Any system can be thought of as having two parts: a specification and an implementation. The specification is a contract. The contract defines how the system should behave. We say a system is correct if the actual behavior of the system is in accord with the contract. If the system behaves differently, then we say it fails.
The specification defines how the rest of the world interacts with the system, as seen from the outside. The implementation is how the system is constructed, as seen from the inside. The specification is usually much simpler to understand than the implementation.
This means that it is possible to build a system as a concentric series of layers. Once can proceed step by step, building layer upon layer. At each layer, build an implementation that takes the next lower specification and provides the next higher one. It is not necessary to understand everything at once.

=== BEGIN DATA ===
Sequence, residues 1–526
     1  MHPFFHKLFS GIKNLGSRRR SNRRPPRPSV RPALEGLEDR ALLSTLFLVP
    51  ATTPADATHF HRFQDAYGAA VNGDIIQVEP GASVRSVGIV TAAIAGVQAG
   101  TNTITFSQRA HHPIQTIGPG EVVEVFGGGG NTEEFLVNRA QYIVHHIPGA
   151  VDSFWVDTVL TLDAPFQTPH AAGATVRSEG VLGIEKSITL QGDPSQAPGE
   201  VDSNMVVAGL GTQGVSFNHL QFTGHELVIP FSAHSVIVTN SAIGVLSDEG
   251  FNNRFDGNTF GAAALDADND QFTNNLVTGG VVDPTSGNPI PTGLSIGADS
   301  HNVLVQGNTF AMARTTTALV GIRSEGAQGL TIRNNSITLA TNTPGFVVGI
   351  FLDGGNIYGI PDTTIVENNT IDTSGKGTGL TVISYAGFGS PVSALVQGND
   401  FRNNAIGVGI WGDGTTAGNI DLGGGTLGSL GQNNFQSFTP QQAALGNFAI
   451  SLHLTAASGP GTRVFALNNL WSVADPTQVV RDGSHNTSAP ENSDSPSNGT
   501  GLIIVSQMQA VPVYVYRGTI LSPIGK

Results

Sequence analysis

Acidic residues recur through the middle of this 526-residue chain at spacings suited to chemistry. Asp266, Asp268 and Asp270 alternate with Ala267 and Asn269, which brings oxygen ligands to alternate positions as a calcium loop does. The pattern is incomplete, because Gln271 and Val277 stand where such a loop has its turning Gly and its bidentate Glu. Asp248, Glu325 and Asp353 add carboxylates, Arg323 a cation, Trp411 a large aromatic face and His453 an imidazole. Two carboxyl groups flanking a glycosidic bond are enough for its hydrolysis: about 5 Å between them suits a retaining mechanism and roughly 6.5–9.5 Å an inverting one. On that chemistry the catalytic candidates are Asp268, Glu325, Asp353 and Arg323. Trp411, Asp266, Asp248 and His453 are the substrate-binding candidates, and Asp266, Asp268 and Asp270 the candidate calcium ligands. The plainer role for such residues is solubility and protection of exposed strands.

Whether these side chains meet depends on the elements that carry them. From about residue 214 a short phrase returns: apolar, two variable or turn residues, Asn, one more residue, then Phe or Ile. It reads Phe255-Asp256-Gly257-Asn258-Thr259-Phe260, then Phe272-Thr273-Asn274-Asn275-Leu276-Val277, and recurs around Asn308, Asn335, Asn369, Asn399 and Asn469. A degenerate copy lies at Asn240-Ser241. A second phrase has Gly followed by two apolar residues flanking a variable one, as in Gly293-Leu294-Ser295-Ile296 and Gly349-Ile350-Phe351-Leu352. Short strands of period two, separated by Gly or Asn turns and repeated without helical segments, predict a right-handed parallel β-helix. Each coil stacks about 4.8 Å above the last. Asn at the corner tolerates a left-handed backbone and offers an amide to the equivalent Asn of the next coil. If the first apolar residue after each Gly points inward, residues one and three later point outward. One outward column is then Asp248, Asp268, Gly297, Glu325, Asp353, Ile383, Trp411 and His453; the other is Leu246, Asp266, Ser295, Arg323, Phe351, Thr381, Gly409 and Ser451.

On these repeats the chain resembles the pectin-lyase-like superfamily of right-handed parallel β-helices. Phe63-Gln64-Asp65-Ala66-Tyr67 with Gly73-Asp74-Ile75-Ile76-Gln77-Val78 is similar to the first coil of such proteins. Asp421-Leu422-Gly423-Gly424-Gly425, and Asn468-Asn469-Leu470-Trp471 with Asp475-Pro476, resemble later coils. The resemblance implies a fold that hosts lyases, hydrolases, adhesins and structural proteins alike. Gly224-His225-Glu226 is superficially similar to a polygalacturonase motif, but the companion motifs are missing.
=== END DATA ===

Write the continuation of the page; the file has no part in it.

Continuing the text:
There are three properties a system should have to support the principle of abstraction.
It should be possible to hide the internals of a part.
It should be possible to combine parts to make a new part.
It should be possible to create many instances of a part based on a single definition. These instances plug themselves into their environment (the rest of the system in which they will live) when they are created.
Lexical scoping supports encapsulation and higher order programming supports instantiation. The properties do not require state; they can be used in declarative programming as well. For example, encapsulation is orthogonal to state. On the one hand, it is possible to use encapsulation in declarative programs without state.